United States v. Justin Thabit, No. 21-4028 (8th Cir. 2023)Annotate this Case
Defendant was arrested pursuant to an absconder warrant for failing to report to his supervising parole officer. Law enforcement received a tip that Defendant was staying at a certain residence and arrested him in the vicinity of the residence. Law enforcement then executed a warrantless search of that nearby residence. Defendant moved to suppress the evidence obtained during the search. The district court granted the motion to suppress, finding that law enforcement did not have reasonable suspicion that Defendant lived at the residence. The government appealed the order granting the motion to suppress, arguing that law enforcement had probable cause or at least reasonable suspicion that Defendant resided at the place searched.
The Eighth Circuit affirmed, holding that the district court did not err in granting Defendant’s motion to suppress because law enforcement needed probable cause that Defendant was residing at the home in order to execute the warrantless search. The court explained that the informant’s tip had far fewer indicia of reliability to support probable cause without corroboration. True, the CI had given reliable information at least once before, but the record contains no details as to the basis of the tip about Defendant.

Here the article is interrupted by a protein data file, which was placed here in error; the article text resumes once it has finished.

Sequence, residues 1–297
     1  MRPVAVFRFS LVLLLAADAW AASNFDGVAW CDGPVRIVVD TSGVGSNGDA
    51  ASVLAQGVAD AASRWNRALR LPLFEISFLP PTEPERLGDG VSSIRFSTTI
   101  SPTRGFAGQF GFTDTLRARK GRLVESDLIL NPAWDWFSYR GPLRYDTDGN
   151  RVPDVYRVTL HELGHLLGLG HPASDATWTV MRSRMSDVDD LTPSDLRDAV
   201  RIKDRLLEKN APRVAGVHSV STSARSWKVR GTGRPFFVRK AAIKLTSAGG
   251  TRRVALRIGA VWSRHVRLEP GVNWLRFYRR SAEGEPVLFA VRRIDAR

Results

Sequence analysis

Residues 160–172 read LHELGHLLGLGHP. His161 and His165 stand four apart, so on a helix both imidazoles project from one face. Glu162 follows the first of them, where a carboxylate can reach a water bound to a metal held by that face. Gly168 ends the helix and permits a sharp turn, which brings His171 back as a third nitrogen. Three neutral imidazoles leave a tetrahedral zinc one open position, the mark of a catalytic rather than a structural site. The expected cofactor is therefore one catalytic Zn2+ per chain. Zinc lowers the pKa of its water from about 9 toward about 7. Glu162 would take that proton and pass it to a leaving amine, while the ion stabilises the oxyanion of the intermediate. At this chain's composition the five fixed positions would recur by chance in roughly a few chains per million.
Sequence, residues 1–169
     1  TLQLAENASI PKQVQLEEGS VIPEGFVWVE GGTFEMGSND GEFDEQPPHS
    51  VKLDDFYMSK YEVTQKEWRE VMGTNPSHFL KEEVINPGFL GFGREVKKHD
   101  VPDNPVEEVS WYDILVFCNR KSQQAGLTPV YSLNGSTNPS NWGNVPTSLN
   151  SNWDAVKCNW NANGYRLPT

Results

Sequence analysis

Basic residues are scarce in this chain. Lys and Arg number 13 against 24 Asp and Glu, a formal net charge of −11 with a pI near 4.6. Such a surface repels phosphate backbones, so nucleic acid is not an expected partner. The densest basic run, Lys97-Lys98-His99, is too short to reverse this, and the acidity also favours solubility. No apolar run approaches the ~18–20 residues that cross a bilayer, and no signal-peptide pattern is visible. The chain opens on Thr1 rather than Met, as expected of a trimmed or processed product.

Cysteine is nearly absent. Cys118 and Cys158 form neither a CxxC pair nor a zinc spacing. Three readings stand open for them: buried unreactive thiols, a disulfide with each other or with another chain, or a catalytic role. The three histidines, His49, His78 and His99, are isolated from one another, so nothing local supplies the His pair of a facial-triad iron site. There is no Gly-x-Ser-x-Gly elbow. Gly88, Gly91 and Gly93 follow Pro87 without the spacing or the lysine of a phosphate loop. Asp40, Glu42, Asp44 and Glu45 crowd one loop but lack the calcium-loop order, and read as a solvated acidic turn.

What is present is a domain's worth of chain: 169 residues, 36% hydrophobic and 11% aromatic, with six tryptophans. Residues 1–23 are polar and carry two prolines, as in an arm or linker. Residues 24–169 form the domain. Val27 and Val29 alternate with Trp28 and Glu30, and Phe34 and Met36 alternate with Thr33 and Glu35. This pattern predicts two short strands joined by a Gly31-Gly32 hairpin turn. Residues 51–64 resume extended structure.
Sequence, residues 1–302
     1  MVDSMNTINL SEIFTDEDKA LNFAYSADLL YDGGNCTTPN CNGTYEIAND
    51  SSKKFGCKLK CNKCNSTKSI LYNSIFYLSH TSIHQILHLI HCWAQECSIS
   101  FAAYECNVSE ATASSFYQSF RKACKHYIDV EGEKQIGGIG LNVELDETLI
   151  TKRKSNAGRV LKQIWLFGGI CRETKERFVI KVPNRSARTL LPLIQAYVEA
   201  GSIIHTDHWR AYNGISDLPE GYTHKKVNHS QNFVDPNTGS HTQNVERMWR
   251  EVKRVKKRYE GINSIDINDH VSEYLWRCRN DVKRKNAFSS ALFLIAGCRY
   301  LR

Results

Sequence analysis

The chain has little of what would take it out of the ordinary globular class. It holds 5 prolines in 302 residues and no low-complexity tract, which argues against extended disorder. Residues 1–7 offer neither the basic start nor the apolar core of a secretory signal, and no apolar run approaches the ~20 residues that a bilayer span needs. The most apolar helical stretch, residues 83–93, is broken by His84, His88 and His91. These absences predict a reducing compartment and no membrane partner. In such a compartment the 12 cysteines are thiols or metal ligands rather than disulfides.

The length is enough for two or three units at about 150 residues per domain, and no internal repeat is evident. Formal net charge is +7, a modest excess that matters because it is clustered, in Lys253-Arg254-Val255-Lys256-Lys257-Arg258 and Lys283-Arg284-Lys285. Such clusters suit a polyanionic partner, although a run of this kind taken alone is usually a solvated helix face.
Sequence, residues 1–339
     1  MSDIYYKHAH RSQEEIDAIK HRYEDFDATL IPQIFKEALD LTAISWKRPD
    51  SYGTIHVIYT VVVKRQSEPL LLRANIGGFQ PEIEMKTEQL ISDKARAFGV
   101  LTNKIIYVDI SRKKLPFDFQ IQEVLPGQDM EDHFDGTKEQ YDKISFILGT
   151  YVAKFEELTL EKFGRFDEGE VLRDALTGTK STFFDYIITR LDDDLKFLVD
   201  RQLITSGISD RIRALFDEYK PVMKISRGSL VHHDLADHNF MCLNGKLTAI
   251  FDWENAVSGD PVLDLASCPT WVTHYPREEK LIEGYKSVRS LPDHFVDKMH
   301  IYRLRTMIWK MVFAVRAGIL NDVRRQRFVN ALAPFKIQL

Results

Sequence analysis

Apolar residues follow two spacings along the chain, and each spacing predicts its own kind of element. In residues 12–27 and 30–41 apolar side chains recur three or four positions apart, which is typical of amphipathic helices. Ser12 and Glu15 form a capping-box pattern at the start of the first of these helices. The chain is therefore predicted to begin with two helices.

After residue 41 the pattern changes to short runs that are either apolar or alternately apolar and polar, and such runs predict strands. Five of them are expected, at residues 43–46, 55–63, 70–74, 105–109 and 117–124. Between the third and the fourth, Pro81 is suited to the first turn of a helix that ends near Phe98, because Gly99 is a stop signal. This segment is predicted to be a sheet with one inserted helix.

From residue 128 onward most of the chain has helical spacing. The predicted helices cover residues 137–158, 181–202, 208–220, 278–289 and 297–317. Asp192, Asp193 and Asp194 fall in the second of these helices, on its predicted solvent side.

Court Description: [Smith, Author, with Kelly and Grasz, Circuit Judges] Criminal case - Criminal law. An officer must have probable cause to believe that a dwelling is the residence of a parolee in order to initiate a warrantless search of a residence not known to be the home of the parolee. In these circumstances, law enforcement did not have probable cause to believe that defendant was residing at a home near the site of his arrest, and the district court properly suppressed the evidence seized in the warrantless search of the home. [ January 04, 2023 ]